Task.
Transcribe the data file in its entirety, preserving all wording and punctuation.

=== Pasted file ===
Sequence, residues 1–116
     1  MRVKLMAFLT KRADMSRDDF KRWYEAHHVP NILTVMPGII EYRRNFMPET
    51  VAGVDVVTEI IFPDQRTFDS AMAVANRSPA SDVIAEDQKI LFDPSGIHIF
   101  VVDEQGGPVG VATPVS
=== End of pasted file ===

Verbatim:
Sequence, residues 1–116
     1  MRVKLMAFLT KRADMSRDDF KRWYEAHHVP NILTVMPGII EYRRNFMPET
    51  VAGVDVVTEI IFPDQRTFDS AMAVANRSPA SDVIAEDQKI LFDPSGIHIF
   101  VVDEQGGPVG VATPVS